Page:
Texas Myth #514
TEXAS IS HOME TO THE SAGUARO CACTUS. You won’t find the saguaro growing naturally in Texas; it flourishes chiefly in Arizona. Still, the fantasy endures. The stately cactus has been featured widely in Texas postcards, movies (1984’s Flashpoint, set near San Antonio), and book-jacket art (Mary Willis Walker’s The Red Scream). Walker says that when her New York editor sent her the cover, it showed a buzzard atop a saguaro: “I said that that kind of cactus didn’t grow in Texas. She said, ‘Oh, well. Nobody would know that.'”
Q: Was Smokey the Bear a Texan?
A: No, but the real bear who came to personify the ursine park ranger was made famous by a Texan. Before Smokey Bear (note: officially no “the”), the poster critter for the U.S. Forest Service was Bambi. In 1944 federal foresters introduced the cartoon character Smokey and, later, the admonition “Only you can prevent forest fires.” But Smokey didn’t become, well, hot until 1950, after rangers in the Capitan Mountains of New Mexico (note: unofficially far West Texas) rescued an orphaned black bear cub that had been injured in a blaze. New Mexico’s chief game warden, Elliott Speer Barker, a native of Moran, ordered the cub nursed back to health and urged the Forest Service to adopt the bear as the living Smokey. The big guy died at the National Zoo, in Washington, in 1976; his slogan lived on, albeit slightly altered. After a record-breaking number of blazes in 2000 devastated 8.4 million acres across the U.S., it was changed to “Only you can prevent wildfires.” Of course, if you want to get right down to the lick log, that’s not exactly true: Although human error causes the majority of wildfires, lightning ignites roughly 13 percent of them.
Q: What is the meaning of the expression “get right down to the lick log”?
A: The term, kept alive by such salty Texas writers as Molly Ivins, refers to a salt lick provided for cattle. Because salt is an essential requirement for animals (and tortilla chips, but I digress), to “get right down to the lick log” means to deal with the most important details of a matter. Okay, but what exactly is a lick log? Western novelist Elmer Kelton, of San Angelo, theorizes that the expression harks back to days when cowboys would hollow out dead trees to serve as troughs and fill them with plain ol’ granulated salt.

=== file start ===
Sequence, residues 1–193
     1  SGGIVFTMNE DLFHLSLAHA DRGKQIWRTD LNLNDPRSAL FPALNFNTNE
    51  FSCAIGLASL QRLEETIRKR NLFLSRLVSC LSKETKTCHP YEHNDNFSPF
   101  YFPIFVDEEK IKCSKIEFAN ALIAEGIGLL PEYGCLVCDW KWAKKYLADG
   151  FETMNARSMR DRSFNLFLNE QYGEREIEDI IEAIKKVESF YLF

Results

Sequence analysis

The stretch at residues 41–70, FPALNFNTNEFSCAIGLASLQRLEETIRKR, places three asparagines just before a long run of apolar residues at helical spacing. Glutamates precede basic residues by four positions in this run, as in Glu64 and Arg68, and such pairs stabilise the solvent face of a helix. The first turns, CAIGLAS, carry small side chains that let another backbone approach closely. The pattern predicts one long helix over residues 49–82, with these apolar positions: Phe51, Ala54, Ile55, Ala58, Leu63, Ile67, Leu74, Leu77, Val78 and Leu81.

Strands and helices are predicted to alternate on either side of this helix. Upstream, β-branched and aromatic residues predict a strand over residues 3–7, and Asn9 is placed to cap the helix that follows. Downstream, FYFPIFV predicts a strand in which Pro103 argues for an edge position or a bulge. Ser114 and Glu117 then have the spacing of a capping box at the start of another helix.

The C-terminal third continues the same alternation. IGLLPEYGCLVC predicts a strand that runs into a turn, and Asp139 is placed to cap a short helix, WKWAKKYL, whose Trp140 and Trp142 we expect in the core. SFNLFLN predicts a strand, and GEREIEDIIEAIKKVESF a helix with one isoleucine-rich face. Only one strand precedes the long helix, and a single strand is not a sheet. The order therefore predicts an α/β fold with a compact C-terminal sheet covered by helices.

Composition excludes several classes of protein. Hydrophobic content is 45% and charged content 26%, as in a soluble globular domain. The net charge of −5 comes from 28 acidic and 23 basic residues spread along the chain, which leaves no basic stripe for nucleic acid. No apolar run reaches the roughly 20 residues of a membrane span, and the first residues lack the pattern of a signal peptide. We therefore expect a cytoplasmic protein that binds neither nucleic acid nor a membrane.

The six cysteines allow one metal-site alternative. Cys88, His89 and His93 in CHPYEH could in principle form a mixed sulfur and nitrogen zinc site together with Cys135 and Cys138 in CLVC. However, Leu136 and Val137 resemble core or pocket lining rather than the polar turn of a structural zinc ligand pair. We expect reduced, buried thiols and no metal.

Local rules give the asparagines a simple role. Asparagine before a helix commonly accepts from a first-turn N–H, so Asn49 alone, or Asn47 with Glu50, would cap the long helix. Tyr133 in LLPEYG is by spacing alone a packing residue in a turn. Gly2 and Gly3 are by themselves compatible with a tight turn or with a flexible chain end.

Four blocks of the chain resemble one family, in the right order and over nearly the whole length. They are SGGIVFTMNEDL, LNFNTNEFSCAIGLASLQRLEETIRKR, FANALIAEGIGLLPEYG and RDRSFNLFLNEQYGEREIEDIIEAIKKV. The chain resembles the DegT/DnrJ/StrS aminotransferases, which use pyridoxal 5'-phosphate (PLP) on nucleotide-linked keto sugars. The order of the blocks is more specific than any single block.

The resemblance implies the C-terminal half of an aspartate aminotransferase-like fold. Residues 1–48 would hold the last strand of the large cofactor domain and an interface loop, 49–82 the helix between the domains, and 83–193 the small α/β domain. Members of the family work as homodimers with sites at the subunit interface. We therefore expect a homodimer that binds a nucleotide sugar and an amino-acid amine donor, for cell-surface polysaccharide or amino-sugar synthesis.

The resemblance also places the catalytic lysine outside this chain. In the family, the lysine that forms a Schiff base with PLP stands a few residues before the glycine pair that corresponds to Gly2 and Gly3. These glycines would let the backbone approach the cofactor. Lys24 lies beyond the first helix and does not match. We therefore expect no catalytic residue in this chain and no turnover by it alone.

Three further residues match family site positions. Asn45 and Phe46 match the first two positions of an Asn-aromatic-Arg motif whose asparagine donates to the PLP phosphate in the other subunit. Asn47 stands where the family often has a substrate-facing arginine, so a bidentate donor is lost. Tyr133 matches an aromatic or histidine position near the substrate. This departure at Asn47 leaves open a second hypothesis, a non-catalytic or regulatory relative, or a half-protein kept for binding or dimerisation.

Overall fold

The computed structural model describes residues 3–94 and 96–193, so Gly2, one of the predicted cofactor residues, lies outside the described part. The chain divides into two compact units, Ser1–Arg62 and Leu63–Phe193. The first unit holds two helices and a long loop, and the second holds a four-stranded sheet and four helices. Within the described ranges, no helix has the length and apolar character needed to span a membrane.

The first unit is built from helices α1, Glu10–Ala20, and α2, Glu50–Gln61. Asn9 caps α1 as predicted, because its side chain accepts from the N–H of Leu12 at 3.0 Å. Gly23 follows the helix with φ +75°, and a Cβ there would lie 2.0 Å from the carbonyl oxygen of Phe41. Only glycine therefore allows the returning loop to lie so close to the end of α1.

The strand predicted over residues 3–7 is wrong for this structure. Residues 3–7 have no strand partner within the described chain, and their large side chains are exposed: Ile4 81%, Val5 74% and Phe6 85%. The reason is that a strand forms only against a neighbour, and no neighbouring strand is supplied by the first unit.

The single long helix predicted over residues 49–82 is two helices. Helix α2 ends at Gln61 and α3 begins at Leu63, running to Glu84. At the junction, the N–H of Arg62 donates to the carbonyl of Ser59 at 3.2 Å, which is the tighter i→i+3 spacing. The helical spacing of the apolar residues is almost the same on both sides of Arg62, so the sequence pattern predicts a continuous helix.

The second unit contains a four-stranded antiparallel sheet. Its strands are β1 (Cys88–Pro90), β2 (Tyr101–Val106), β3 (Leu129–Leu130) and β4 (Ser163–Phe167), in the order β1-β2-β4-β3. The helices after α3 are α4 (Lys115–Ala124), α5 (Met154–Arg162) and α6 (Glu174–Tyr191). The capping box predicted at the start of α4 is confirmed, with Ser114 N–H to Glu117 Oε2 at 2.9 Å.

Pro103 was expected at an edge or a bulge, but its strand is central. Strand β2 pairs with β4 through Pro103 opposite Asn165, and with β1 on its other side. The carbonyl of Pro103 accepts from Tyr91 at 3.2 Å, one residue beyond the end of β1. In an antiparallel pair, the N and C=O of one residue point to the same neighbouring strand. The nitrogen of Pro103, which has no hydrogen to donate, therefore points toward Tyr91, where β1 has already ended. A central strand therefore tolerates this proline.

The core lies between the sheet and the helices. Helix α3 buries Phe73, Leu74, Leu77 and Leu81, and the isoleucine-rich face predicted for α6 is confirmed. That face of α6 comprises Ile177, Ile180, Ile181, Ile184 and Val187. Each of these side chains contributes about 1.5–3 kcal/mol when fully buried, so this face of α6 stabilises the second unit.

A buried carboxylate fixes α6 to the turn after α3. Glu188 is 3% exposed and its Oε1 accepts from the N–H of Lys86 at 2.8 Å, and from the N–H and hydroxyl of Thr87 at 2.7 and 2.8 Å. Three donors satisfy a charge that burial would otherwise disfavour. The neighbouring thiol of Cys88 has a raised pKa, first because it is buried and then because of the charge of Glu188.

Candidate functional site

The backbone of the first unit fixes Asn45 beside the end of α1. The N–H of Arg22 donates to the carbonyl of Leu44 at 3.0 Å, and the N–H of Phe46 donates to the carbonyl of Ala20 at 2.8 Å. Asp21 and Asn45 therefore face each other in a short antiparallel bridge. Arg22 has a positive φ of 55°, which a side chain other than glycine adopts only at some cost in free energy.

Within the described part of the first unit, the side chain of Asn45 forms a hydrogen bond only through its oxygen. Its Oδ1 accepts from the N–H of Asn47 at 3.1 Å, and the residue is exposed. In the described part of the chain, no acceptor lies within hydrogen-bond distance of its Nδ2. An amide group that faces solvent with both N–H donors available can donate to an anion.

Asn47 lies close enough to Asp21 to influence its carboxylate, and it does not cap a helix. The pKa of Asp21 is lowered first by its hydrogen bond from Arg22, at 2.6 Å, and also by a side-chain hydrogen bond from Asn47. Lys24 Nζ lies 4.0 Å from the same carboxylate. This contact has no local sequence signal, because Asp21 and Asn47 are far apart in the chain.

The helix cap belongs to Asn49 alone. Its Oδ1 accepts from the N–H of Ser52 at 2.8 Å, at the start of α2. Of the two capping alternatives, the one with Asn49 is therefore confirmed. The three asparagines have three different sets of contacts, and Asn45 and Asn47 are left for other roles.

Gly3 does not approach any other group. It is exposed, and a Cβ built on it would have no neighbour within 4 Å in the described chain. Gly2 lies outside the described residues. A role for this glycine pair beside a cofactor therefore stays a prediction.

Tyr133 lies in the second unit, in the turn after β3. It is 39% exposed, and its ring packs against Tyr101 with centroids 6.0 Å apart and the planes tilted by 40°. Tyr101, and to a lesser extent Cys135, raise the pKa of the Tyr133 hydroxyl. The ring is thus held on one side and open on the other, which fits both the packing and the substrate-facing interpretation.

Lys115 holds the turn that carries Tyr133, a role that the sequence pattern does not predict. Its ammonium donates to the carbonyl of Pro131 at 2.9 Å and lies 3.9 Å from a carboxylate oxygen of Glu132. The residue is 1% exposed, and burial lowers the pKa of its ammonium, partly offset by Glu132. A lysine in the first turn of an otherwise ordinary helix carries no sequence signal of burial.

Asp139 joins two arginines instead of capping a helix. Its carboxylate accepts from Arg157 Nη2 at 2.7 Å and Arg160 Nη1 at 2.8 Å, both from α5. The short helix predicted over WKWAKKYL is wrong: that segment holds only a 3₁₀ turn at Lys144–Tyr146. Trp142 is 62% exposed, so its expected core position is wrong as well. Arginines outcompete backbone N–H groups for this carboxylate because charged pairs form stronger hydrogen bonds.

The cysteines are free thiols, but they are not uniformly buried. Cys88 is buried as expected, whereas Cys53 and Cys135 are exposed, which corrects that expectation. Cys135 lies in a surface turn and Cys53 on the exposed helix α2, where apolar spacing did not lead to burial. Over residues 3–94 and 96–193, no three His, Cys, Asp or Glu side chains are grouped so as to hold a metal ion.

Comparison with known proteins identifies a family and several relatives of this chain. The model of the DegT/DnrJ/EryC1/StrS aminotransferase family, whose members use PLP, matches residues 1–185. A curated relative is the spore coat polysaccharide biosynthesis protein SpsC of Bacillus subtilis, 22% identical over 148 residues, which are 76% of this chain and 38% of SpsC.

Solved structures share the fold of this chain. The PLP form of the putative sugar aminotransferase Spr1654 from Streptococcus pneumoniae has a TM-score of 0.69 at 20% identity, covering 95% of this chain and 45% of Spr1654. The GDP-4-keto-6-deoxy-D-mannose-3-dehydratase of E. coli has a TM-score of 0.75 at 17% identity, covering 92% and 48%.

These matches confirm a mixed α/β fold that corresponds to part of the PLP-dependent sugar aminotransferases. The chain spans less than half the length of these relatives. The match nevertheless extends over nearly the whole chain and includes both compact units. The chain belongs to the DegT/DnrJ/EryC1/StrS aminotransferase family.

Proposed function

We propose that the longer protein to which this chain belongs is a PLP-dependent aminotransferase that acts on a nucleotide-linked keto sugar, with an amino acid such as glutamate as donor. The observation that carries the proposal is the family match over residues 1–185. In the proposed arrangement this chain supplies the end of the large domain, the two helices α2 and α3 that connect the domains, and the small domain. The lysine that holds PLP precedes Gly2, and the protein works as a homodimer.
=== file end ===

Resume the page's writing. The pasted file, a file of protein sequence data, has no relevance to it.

Q: I know Jayne Mansfield was a Texan, but a friend says she wasn’t born here and that her fatal car wreck happened somewhere else. Who’s right? And, um, was she really decapitated?
A: Jayne Mansfield wasn’t born in Texas, but—all together now—she got here as soon as she could. Born Vera Jayne Palmer in Pennsylvania in 1933, she moved to Dallas in 1939 and attended Highland Park High School. In 1952 she headed to Hollywood, where her platinum hair color (artificial) and Texas-size bosom (natural) helped her win a few movie parts, but her breakout role was her 1955 Broadway turn in Will Success Spoil Rock Hunter? Yet Mansfield was always more of a sex symbol than an actress—she posed repeatedly for Playboy—and by the sixties her career had waned. In Louisiana on June 29, 1967, on the way to a TV gig in New Orleans, the Buick Electra in which she was riding slammed into the back of a tractor-trailer rig, killing her and the other two adults in the front seat. Mansfield suffered severe head trauma, but she wasn’t decapitated; that rumor arose because her wig flew off and out of the car on impact.